Singapore - mental challenge of Monaco, physical challenge of Sepang

Start, Singapore GP 2009

Start, Singapore GP 2009 

 © The Cahier Archive

The Singapore Grand Prix provides the F1 community with some unique challenges, as much related to the circuit layout and the humidity as the night-time schedule.

The 'night shifting' says Renault's sporting director Steve Nielsen, is relatively easy to cope with and, in fact, easier than other far eastern races because, staying in the European time zones, jet lag is not a factor.

"Basically, all the usual European race timings are offset by about seven or eight hours," Nielsen explains. "So, instead of arriving at the circuit at 8:00am, the working day begins at around 3:00pm and ends in the small hours of the morning. Sometimes we see the sun rising as we walk home, so it really is a proper night shift for us.

"Hosting a night race really only works in a place like Singapore, which lends itself perfectly because, as a 24-hour city, you don't struggle to find a restaurant open in the middle of the night. Similarly, the hotels work around the team, with a special breakfast service arranged between 2:00pm and 4:00pm each afternoon.

The lighting, Nielsen says, is also relatively easy to adapt to: "It's as close to daylight as you can get, so there's no need for the teams to bring extra lighting. Before the first race we thought we might need to fit miners' lamps to the pit crew helmets but in reality the ambient light level is so high and so well dispersed that no extra precautions are required. Unless you look up into the night sky, you almost forget you're working at night at all.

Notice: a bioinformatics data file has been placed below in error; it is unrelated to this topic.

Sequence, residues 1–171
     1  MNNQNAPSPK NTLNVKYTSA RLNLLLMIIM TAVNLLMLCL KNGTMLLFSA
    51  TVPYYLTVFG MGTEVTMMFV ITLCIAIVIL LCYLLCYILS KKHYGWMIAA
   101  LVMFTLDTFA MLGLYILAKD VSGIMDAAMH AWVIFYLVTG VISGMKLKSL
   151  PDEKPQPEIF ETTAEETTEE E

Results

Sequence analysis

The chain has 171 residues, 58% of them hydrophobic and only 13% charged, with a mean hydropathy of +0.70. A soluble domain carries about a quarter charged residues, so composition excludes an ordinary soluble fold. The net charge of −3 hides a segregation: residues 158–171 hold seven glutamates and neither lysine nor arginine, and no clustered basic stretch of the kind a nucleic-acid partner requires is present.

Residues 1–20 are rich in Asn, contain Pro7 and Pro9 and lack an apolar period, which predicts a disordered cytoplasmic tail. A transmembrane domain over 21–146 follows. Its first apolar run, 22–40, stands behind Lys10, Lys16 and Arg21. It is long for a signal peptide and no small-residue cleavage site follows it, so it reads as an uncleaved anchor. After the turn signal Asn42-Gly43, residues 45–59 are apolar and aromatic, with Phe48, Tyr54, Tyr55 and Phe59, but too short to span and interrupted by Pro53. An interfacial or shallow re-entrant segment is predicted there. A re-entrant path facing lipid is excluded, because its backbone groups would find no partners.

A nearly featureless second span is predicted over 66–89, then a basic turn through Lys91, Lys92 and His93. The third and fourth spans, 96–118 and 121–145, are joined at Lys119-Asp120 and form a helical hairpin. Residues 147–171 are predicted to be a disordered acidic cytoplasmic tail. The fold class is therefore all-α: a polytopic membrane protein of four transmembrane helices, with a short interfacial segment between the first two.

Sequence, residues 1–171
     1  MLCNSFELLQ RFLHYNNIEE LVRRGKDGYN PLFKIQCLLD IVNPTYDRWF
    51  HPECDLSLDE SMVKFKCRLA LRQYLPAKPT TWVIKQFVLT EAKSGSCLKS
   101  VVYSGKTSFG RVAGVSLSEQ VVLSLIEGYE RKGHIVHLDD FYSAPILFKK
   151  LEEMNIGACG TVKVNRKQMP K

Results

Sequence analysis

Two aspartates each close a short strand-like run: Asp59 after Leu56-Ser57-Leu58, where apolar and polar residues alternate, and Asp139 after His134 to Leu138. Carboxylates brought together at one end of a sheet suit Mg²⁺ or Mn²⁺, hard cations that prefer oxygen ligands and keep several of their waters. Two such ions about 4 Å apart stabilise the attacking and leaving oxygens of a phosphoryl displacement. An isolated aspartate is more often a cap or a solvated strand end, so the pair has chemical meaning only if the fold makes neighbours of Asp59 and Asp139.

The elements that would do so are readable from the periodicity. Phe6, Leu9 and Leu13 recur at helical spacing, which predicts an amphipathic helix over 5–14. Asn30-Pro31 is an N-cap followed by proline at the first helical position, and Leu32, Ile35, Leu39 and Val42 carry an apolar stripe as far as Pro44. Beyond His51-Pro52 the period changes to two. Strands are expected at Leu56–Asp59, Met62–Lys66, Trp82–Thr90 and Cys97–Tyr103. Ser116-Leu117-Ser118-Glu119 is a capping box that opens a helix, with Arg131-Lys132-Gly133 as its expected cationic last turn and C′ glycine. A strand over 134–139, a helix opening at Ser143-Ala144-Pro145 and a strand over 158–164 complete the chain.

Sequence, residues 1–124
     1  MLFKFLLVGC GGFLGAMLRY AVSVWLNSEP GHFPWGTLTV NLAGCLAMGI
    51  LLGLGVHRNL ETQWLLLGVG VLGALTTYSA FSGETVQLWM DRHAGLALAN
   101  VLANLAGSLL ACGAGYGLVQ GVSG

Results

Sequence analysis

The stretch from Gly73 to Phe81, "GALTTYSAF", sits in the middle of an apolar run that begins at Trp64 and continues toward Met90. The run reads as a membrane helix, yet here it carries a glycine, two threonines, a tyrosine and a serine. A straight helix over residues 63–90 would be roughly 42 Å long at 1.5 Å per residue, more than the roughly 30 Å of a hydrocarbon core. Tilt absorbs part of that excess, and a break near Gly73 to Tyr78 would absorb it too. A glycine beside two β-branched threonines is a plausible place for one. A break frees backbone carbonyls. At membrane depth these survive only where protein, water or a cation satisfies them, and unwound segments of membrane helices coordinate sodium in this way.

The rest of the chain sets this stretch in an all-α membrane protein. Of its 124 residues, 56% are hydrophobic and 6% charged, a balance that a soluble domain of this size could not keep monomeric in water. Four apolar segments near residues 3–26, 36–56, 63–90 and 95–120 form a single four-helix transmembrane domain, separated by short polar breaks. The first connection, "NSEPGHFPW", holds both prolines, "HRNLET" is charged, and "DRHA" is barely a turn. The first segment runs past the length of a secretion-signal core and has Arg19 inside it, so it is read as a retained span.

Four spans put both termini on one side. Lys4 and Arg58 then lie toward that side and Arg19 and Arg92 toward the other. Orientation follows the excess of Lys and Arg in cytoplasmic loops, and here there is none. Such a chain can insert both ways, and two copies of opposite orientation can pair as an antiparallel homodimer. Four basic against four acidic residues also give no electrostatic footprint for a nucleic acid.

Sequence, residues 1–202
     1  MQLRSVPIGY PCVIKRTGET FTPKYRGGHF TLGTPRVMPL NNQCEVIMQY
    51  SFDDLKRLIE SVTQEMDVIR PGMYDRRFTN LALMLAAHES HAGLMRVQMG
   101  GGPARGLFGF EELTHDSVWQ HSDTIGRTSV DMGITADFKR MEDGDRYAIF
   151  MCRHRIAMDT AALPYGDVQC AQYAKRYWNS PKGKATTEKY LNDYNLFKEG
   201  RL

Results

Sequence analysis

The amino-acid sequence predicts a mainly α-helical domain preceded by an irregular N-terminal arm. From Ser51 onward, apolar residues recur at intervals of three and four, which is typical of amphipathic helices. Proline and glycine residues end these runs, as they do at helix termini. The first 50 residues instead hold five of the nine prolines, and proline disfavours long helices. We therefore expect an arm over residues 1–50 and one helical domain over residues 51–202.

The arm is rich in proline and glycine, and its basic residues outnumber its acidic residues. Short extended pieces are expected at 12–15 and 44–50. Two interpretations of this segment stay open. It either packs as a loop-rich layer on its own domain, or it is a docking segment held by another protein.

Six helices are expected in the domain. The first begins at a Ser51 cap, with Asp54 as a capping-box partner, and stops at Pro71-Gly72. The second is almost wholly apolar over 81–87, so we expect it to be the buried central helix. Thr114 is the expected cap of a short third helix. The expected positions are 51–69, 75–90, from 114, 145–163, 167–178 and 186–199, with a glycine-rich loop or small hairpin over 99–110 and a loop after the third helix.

In fact, the light reading values show that the Singapore pit lane has a lighting level of 2,200 lux, which is brighter than the levels expected in a typical TV studio (normally 1000 lux). The garage lighting generates about 800 lux, which is more than double the lighting level of a well lit office (400 lux). The main straight and turn one have lighting values of 1,600 lux.

But, explains Dr Riccardo Ceccarelli, one of F1's most experienced medics, the biggest concern facing drivers is the high humidity.

"Even though the race is at night, it's still very humid, which makes it difficult for the drivers to stay cool. That's because the sweat stays on the surface of the skin, rather than evaporating and cooling down the body. So the driver's body temperature becomes very high and they can overheat, which leads to loss of energy, loss of concentration and slower reaction times."

That, combined with the bumpy, unforgiving confines of the Marina Bay circuit, add up to one of the toughest tests of the season. "It's a bit like combining the mental challenge of Monaco with the physical endurance needed for Sepang," concludes Ceccarelli.

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